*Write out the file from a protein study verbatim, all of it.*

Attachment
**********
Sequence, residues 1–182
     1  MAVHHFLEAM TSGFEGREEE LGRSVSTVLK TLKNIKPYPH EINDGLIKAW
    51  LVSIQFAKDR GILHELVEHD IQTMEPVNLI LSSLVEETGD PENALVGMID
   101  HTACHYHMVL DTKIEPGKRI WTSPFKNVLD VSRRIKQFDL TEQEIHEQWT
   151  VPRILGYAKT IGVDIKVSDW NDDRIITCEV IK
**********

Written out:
Sequence, residues 1–182
     1  MAVHHFLEAM TSGFEGREEE LGRSVSTVLK TLKNIKPYPH EINDGLIKAW
    51  LVSIQFAKDR GILHELVEHD IQTMEPVNLI LSSLVEETGD PENALVGMID
   101  HTACHYHMVL DTKIEPGKRI WTSPFKNVLD VSRRIKQFDL TEQEIHEQWT
   151  VPRILGYAKT IGVDIKVSDW NDDRIITCEV IK